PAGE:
To exit press ctrl+x, you’ll be prompted to save. Now reload the bash profile.

source ~/.bash_profile

Check the java version.

java -version


check the java paths:

echo $JAVA_JRE


Java is all done. Onto scala.

Install Scala 2.11.12


Spark 2.3.0 requires Scala 2.11.x version. Note that the current scala is version 2.12 so we’ll go for the last 2.11 scala version which is 2.11.12; we want the rpm package:

sudo yum install scala-2.11.12.rpm

We should now validate the install

scala -version

Note the output as follows:

cat: /usr/lib/jvm/jre-1.8.0-openjdk/release: No such file or directory
 Scala code runner version 2.11.12 -- Copyright 2002-2017, LAMP/EPFL

This is because there is no release directory in the $JAVA_HOME path directory which the scala script looks for; see a more thorough explanation here. It’s not vitally necessary but I got around this by just creating a release directory at $JAVA_HOME.

sudo mkdir release
cd ~
scala -version


cat: /usr/lib/jvm/jre-1.8.0-openjdk/release: Is a directory
Scala code runner version 2.11.12 -- Copyright 2002-2017, LAMP/EPFL

Install Spark 2.3.0


Final step! Install spark. Download the 2.3.0 rmp package. We’ll use wget again and download the package from a mirror url listed from on this page. I’m using the 1st listed mirror url but adjust as you see fit.


unzip and move the files into a more appropriate directory:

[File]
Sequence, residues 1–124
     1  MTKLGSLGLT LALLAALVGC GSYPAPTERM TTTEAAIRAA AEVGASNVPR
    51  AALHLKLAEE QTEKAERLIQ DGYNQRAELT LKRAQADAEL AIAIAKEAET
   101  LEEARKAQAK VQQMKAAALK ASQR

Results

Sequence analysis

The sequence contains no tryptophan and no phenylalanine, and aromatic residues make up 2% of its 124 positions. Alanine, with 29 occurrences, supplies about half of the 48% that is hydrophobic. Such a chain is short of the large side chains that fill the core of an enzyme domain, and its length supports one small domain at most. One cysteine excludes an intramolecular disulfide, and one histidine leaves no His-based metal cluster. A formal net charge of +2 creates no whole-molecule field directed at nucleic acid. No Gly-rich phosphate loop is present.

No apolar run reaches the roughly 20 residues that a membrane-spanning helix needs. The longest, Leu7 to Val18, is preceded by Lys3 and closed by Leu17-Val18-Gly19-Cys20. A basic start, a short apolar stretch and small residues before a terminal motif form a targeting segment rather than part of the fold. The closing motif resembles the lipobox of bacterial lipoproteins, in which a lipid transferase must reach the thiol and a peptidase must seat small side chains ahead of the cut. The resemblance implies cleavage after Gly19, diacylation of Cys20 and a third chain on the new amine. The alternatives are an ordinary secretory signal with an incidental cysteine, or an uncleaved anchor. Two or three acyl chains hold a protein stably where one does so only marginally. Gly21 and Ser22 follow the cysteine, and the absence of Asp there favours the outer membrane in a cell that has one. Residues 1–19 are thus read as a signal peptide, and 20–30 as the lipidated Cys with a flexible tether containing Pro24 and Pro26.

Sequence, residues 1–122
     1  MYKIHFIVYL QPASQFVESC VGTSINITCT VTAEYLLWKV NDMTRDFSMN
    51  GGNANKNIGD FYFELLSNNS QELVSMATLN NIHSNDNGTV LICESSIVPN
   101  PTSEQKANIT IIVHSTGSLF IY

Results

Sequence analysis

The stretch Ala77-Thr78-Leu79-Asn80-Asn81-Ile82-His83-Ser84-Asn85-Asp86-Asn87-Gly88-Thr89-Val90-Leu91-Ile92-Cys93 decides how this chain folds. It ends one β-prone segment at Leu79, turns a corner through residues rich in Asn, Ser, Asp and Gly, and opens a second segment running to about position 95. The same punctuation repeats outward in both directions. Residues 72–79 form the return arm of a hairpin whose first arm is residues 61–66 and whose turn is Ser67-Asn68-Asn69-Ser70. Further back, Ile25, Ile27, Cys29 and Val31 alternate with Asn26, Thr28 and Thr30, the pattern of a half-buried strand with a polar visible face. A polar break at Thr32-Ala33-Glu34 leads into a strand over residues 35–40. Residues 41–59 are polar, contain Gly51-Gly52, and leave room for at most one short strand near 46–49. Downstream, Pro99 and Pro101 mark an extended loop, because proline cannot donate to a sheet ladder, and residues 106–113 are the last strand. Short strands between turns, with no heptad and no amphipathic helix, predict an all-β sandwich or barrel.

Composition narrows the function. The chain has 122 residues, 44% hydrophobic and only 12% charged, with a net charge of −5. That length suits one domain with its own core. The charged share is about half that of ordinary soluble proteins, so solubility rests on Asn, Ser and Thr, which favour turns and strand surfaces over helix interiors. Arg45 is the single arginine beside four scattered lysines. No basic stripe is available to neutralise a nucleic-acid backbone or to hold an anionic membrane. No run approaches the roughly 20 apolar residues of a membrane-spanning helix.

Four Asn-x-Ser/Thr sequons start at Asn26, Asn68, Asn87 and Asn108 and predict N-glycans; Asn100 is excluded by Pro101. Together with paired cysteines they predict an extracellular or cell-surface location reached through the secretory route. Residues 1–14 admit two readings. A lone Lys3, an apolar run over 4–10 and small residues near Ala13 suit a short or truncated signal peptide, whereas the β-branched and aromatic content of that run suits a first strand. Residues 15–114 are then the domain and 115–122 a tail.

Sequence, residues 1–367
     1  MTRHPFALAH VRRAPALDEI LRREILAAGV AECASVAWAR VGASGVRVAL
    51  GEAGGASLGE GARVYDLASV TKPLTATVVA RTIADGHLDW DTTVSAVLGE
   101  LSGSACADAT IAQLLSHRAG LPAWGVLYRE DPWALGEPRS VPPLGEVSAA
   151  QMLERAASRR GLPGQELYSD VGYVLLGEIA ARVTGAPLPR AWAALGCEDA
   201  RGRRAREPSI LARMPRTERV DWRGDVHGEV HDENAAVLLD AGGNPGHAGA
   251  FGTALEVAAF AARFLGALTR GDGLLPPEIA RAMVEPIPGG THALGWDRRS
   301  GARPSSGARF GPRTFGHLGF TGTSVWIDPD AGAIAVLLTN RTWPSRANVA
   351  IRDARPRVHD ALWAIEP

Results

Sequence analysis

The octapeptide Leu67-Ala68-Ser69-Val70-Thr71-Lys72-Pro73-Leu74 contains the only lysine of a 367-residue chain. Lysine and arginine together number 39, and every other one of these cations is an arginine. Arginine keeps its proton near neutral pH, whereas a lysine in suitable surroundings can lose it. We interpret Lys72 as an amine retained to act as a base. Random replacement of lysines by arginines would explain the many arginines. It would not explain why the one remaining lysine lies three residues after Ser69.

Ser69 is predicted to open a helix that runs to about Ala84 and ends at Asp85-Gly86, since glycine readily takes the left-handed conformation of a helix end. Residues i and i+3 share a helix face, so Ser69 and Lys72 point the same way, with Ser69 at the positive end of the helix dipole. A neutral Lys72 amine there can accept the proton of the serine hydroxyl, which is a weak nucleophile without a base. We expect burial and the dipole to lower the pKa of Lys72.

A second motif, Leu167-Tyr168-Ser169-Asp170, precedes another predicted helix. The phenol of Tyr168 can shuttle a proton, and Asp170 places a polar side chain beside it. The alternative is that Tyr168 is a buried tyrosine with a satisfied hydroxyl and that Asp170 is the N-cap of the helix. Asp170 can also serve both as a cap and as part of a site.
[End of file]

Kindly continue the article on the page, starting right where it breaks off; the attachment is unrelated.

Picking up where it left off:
tar xf spark-2.3.0-bin-hadoop2.7.tgz
mkdir /usr/local/spark
cp -r spark-2.3.0-bin-hadoop2.7/* /usr/local/spark

We need need add some paths to out bash profile for convenience so that we don’t have to map them every time we create a session. Again we’ll use nano for this.

cd ~
sudo nano ~/.bash_profile

Add the following lines along with the java paths that added earlier.

export SPARK_EXAMPLES_JAR=/usr/local/spark/examples/jars/spark-examples_2.11-2.0.0.jar

Also put the spark binary folder into the $PATH variable:


The file should look something like this.

spark paths

Now we can exit and save the file using crtl+x, reload the bash profile and check the paths.

source ~/.bash_profile
echo $PATH

Now we should be good to run the spark shell!!


There you have it folks enjoy!


To exit spark-shell use


to close your ssh session use


Finally, don’t forget to stop your VM to reduce your Azure spend. Sensitive machine details, user details and rsa keys used for this blog have since been deleted.